By Rick Shipman
During the several federal student loan panels I have participated in the past two years, one issue has always emerged: the “one loan program.” Although the idea of a single federal student loan program has strong support among some financial aid professionals (and many believe it would have strong support with families), it has not gathered support at the federal level. What do those in the financial aid trenches see that lawmakers do not? Conversely, what do lawmakers see that financial aid professionals might be missing?
The proposed one loan program:
The one loan program greatly simplifies the financial aid award notice for borrowers and their families. It provides only one set of terms that can be much more easily explained and understood than the confusing terms and options found in the existing panoply of loan programs. It also means borrowers have only one promissory note and one entrance and exit counseling session to complete. A single repayment plan results from a single loan program, further simplifying the process for borrowers.
The one loan program is also easier to administer and would lower the cost of administration at both the federal and institutional levels. Savings are difficult to estimate, since the federal government does not directly compensate institutions for the costs associated with running the federal loan programs, but the streamlined nature of one loan is likely to save both schools and the government millions of dollars. For example, one loan streamlines awarding by eliminating all of the references to other loan programs; it streamlines disbursement by eliminating the duplicative promissory notes and terms and conditions statements currently required for the different loan programs; and it streamlines collections by focusing on just a single loan repayment.
With so many clear benefits, why don’t we already have one loan program? One reason may be historic political backing for existing loan programs. If a member of a political party had introduced or promoted previous legislation supporting a specific federal loan program, they would find it difficult to support legislation to end that program. Another factor may be pressure by some higher education groups to discourage increased student borrowing capacity. This perspective stems from two assumptions:
A 2014 U.S. Government Accountability Office study released this year found no causal relationship between student loan limits and cost of attendance. Similarly, there is no reason to believe that a single loan program would increase the cost of attendance or that reduced loan limits would lead to additional gift aid. In fact, many in the financial aid profession have witnessed the negative effects of reducing access to student loans, as students often bridge the tuition gap in detrimental ways. For example, they enroll in a reduced credit load to lower tuition, which makes their loan money go further but ultimately extends their time in degree and increases their overall debt. They to attempt to borrow private loans, which are often more expensive and/or are out of reach for students who cannot get a cosigner or show adequate ability to repay. They charge education costs to their credit cards with no safety nets and extremely high interest rates. They work excessive hours to pay for tuition, reducing study time and threatening their ability to succeed in attaining the education they are paying for. And they sometimes simply drop out. Clearly, reducing access to federal student loans is not the best for many students.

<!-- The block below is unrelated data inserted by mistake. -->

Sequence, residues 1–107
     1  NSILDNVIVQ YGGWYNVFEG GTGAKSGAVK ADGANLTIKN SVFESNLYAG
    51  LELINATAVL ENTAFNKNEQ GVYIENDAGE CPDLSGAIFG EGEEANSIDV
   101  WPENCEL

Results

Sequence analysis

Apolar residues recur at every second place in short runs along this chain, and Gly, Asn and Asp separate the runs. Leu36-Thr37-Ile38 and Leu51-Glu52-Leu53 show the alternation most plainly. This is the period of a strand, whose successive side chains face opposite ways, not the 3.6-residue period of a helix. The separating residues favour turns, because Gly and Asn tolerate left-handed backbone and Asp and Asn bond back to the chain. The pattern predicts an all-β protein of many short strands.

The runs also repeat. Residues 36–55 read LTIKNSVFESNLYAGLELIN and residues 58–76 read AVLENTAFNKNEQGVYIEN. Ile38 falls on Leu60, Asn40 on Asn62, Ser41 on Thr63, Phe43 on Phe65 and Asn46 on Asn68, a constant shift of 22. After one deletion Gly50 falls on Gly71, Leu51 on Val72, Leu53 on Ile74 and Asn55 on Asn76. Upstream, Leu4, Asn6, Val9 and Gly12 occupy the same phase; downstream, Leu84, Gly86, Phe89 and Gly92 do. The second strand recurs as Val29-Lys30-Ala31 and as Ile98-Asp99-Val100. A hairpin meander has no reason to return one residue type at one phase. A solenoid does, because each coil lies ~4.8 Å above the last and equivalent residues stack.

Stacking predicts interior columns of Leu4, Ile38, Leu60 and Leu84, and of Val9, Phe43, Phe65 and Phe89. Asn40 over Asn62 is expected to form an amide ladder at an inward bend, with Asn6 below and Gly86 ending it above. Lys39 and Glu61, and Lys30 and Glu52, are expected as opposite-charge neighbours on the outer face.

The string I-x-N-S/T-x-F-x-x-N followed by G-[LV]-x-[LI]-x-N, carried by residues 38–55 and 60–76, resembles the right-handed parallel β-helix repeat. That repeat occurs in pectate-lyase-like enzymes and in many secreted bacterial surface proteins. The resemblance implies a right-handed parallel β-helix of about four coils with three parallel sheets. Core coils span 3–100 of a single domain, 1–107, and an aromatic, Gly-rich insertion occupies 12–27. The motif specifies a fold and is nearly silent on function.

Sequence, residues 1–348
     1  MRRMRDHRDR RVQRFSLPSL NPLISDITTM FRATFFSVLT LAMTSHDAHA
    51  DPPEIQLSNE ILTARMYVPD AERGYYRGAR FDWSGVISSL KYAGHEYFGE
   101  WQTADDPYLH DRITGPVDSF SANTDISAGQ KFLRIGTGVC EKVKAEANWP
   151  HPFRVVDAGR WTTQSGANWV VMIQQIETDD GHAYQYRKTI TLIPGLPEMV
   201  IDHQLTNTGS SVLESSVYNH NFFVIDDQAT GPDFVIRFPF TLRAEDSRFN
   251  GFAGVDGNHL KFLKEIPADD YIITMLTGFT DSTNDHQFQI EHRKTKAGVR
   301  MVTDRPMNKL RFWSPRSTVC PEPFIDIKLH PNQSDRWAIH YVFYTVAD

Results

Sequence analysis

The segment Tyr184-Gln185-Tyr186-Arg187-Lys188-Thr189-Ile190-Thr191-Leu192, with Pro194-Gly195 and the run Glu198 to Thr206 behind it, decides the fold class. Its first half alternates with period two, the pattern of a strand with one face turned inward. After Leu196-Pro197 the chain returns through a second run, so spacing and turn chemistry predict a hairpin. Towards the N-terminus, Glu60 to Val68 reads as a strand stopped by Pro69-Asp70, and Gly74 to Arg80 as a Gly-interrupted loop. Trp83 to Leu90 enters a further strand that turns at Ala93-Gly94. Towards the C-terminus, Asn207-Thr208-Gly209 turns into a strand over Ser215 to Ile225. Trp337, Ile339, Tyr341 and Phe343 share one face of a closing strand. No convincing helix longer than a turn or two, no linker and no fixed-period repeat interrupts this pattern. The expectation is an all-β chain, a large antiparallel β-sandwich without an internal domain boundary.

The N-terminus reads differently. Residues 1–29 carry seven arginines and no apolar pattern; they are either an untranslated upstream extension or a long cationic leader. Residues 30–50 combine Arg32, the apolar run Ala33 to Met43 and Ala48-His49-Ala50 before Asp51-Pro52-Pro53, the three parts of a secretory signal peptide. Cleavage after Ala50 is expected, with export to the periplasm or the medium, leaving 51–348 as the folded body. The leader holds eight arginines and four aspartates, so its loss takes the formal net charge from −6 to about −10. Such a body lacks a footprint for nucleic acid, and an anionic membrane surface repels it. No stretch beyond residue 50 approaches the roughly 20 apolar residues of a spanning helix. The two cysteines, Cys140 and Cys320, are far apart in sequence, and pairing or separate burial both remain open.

Numerous higher education groups have proposed a one loan program over the past several years. Perhaps Congress simply has not given enough attention to this issue to recognize the program’s benefits. Cutting institutional and federal administrative burden and costs makes sense, especially when it achieves the more important goal helping students and families make informed decisions about financing their education, and better manage their student loans. A one loan program would achieve all of those goals.
Rick Shipman is director of financial aid for Michigan State University.
What do you think of a one loan program? How might it affect students and families at your institution? Do you foresee any problems in moving to a single federal loan program? Please join the discussion below. Your comment will appear with just your first name and last initial.
Publication Date: 4/29/2014